These, then, are the conditions that must be satisfied for an account to be of morality. We may note that although morality assumes certain possibilities—such as the need for justification, or that people may act morally, so construed—these not only happen in fact, but are also attributed to morality. Whilst this may lend weight to morality’s claim of its identity, what this claim really depends on is whether or not we believe “the normative question” is both meaningful to ask and deserves an answer.
1.3 a crucial distinction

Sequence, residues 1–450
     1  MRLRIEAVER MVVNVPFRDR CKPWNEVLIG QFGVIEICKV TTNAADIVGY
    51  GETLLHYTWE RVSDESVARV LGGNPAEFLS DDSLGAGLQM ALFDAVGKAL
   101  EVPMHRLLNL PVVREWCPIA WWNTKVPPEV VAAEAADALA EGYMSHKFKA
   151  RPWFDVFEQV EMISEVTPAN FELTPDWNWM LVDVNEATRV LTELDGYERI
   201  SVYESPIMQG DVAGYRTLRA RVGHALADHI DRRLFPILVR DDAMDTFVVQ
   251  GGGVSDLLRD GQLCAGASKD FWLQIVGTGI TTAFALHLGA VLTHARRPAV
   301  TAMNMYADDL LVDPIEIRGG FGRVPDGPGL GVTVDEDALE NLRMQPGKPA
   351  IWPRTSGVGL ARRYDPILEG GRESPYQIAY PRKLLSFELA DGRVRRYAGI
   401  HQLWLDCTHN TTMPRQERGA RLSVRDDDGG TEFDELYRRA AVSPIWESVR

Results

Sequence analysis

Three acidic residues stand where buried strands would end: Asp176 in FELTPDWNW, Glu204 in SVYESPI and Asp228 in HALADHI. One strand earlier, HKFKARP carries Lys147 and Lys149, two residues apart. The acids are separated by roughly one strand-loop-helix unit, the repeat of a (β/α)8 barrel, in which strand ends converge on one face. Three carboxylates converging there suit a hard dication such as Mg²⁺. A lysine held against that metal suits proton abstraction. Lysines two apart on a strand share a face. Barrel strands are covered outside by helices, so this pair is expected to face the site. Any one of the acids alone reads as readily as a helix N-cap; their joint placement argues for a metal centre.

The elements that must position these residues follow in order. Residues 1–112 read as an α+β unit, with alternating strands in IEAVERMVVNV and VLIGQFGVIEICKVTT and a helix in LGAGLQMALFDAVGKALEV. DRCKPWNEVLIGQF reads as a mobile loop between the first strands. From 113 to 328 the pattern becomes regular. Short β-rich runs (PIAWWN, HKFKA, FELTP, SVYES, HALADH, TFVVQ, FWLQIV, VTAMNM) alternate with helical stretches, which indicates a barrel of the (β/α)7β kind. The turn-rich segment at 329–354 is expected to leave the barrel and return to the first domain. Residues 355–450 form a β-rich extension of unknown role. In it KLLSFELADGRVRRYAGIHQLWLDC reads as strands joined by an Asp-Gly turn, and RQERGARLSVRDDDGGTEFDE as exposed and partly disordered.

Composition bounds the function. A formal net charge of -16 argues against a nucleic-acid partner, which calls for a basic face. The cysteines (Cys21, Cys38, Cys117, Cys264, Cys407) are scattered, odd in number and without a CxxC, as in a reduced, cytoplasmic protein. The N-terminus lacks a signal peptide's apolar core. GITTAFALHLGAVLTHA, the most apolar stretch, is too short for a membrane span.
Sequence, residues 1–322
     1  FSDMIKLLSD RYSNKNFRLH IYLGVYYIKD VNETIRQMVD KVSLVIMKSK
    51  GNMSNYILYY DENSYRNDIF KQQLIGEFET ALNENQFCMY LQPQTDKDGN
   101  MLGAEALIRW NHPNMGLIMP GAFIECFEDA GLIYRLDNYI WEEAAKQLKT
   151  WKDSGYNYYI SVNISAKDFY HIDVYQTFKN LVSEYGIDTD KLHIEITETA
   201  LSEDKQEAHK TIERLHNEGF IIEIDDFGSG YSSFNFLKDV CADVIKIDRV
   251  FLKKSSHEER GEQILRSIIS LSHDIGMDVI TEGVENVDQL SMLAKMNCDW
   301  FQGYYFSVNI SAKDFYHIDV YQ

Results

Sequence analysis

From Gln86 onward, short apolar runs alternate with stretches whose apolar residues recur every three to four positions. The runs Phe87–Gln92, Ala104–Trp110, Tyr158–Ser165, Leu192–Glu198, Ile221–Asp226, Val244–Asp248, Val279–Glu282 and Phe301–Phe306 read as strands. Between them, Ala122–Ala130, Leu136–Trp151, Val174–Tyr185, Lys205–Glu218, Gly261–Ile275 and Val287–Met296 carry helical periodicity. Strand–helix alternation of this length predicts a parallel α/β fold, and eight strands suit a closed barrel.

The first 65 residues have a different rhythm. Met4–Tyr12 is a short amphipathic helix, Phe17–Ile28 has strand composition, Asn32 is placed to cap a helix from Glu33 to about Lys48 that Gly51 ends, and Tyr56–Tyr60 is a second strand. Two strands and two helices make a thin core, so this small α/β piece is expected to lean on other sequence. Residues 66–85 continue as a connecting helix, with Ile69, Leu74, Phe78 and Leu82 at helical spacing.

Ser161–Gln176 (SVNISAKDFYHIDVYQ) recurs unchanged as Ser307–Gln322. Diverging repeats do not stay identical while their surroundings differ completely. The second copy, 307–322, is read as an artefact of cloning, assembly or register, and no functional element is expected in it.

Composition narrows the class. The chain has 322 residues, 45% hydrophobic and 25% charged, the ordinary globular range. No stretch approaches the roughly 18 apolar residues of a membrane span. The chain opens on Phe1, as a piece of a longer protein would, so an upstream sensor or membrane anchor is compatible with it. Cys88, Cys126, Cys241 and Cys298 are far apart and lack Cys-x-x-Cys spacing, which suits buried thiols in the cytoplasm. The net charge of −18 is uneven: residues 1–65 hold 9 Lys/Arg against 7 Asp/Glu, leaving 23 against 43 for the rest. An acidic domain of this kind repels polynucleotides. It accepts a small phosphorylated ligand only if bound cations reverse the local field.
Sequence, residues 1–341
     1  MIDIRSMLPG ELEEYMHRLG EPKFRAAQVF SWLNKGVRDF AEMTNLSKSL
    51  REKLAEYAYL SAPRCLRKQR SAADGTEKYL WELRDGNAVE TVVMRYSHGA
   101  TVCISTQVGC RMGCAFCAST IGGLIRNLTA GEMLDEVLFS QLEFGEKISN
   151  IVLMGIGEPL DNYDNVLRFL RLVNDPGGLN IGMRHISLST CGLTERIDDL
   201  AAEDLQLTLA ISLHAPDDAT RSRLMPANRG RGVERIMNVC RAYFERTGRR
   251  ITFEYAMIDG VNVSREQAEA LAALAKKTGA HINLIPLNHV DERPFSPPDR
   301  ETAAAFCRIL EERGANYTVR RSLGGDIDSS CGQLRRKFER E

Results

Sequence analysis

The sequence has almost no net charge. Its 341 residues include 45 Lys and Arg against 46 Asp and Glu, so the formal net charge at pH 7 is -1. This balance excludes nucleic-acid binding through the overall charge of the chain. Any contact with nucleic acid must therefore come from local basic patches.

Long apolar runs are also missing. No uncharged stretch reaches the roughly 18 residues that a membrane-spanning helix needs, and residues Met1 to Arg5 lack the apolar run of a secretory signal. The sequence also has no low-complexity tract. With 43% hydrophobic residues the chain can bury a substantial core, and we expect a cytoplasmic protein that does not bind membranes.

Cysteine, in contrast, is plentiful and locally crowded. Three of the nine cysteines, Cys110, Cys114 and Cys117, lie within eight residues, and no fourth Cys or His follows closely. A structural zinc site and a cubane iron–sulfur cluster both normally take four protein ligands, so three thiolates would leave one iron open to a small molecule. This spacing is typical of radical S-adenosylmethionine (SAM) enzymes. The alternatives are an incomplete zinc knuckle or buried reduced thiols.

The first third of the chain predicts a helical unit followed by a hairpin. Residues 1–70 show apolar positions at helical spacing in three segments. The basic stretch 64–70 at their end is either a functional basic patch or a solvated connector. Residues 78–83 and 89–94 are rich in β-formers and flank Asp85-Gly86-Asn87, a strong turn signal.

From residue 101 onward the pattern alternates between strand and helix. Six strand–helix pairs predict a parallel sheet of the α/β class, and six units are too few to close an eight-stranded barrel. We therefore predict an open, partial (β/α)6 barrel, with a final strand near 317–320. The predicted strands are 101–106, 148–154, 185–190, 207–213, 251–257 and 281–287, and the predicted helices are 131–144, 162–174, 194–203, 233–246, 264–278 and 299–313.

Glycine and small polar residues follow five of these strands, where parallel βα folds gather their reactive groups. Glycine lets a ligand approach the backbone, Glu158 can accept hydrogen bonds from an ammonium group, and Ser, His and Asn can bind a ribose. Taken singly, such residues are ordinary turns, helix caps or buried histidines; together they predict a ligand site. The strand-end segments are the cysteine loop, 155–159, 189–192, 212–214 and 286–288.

Put otherwise, the question is whether or not we wish to uphold the notion that there is a conceptual difference between “doing it because it’s how it’s done” and “doing it because it is the right thing to do”, and whether or not this is the sort of distinction we think persons would do well to make, and make for themselves. If we think that it is possible for a person to “do the right thing” in the absence of deterrent or incentive either way—or even to figure out what that is, all by himself, and do it too—then we not only believe that there is such a thing as morality, but also that it’s not the same thing as sociality. If it were, we would not have been able to distinguish between protester and riotor, conscientious-objector and draft-dodger, or prisoner-of-conscience and plain-old-criminal—all in fact socially-disruptive behaviors who might understandably be considered to deserving of society’s punishment; lest we forget, those we regard as prisoners-of-conscience may, in their own societies, be held on locally-legitimate charges and duely processed through that country’s legal system. These social-distinctions exist only because we do have a system of concepts that enable us to differentiate between “socially-disruptive behaviors” in terms of the reasons for which they were done—reasons which, for being socially-recognized, were able to steer the course of society towards the now-established unsociableness of racist attitudes that were socially-normal just a century ago. Under a social conception, society just is—a place that couldn’t hold together unless it had